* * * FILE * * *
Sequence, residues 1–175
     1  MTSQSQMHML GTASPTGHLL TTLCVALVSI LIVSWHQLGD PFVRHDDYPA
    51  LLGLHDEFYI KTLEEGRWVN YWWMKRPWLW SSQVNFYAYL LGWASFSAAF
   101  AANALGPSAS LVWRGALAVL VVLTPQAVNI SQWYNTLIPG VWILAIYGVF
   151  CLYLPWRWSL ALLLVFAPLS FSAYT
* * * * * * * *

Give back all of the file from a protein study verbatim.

Sequence, residues 1–175
     1  MTSQSQMHML GTASPTGHLL TTLCVALVSI LIVSWHQLGD PFVRHDDYPA
    51  LLGLHDEFYI KTLEEGRWVN YWWMKRPWLW SSQVNFYAYL LGWASFSAAF
   101  AANALGPSAS LVWRGALAVL VVLTPQAVNI SQWYNTLIPG VWILAIYGVF
   151  CLYLPWRWSL ALLLVFAPLS FSAYT